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Open Access Publications from the University of California

Impacts of Electric Vehicles on Primary Energy Consumption and Petroleum Displacement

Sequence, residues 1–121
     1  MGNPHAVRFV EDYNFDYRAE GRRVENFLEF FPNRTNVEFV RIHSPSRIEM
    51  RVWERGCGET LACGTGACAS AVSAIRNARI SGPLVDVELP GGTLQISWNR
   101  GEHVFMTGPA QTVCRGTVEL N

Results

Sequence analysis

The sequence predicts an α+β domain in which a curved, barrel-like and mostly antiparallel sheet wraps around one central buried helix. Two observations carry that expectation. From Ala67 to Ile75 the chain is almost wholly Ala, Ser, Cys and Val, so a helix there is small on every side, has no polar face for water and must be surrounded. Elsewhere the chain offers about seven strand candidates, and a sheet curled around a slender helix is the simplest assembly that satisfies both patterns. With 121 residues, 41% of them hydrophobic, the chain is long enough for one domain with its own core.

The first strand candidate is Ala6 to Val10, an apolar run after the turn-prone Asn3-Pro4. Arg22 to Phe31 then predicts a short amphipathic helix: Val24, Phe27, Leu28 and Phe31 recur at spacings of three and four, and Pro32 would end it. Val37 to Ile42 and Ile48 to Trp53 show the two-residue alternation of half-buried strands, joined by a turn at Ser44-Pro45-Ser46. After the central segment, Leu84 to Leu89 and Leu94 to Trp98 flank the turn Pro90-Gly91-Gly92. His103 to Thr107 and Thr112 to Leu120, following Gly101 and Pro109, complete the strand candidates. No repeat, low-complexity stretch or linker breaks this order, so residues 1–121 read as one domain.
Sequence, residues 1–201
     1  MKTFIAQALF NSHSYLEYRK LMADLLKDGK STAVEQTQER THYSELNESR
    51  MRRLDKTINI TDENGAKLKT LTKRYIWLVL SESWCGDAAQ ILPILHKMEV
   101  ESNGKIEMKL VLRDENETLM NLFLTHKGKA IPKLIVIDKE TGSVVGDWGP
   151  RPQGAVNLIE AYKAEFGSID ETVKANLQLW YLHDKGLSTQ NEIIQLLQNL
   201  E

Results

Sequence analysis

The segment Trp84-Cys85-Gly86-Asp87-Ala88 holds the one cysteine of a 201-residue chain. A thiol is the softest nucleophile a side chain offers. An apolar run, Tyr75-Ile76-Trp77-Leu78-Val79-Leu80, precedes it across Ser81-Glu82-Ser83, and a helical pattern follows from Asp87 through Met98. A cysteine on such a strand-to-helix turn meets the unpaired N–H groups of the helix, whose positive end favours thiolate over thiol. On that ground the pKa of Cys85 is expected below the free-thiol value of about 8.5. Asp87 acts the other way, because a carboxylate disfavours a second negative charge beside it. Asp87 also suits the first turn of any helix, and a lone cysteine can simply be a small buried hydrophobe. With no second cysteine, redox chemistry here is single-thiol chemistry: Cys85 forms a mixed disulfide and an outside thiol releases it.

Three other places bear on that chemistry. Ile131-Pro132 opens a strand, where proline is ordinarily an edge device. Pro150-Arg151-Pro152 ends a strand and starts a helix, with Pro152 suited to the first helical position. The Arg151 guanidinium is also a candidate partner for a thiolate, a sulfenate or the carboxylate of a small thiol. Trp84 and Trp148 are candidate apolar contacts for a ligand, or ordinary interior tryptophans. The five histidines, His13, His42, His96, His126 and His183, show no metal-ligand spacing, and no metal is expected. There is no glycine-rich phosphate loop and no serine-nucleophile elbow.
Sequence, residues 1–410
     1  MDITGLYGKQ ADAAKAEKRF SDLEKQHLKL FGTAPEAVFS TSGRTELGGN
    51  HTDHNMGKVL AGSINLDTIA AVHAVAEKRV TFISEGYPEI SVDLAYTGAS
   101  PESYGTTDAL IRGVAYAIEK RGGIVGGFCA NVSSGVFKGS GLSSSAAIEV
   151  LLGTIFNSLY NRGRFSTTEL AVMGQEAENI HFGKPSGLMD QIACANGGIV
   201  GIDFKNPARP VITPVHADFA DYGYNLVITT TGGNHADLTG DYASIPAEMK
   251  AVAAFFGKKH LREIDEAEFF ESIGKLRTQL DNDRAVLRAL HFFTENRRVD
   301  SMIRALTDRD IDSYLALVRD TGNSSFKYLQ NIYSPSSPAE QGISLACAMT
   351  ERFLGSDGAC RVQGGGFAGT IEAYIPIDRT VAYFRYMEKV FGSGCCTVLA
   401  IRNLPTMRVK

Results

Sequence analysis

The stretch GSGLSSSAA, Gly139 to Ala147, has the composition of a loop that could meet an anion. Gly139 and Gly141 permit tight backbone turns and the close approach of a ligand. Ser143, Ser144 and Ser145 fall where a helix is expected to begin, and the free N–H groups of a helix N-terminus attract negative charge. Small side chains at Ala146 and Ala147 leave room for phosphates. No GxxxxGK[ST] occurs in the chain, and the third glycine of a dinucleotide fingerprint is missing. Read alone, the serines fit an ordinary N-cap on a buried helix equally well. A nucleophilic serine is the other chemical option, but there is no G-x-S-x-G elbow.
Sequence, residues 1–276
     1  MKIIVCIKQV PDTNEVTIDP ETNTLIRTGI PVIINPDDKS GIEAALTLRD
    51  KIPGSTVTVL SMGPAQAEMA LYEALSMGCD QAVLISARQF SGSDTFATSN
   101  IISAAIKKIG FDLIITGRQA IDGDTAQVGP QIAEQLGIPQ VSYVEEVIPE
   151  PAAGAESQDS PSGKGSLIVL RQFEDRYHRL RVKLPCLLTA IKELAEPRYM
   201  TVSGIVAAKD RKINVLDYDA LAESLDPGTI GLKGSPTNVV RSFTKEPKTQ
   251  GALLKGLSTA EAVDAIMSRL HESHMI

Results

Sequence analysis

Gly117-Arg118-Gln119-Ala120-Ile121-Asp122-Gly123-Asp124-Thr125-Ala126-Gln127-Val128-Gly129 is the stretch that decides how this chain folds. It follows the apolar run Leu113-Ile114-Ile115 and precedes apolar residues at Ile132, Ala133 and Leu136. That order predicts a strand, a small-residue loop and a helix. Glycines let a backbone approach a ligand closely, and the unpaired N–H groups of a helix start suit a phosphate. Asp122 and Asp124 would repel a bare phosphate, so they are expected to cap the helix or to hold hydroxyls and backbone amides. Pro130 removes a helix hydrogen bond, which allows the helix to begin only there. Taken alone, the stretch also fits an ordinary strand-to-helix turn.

We analyze the impact of the use of electric vehicles (EVs) on energy consumption in general and petroleum consumption in particular. The analysis is conducted for sub-compact cars, small vans, and large vans for the years 1995 and 2010. We compare per-mile primary energy consumption of EVs and gasoline internal combustion engine vehicles (ICEVs), for each of four primary energy sources: petroleum, coal, natural gas, and biomass. When petroleum, natural gas, or biomass is the primary energy source, EVs with current technology will consume more energy per mile than ICEVs, but EVs with advanced technology will consume less. If coal is the primary energy source, both current-and advanced-technology EVs will consume less energy per mile than ICEVs. We find that the magnitude of petroleum displacement by EVs depends mainly on the amount of petroleum used for electricity generation. In many areas of the U.S., EVs will reduce per-mile petroleum use by over 90%, because the vast majority of electricity is generated from non-petroleum fuels. In areas where a relatively large portion of electricity is generated from petroleum (such as New York), EVs will reduce per-mile petroleum use by 65%.

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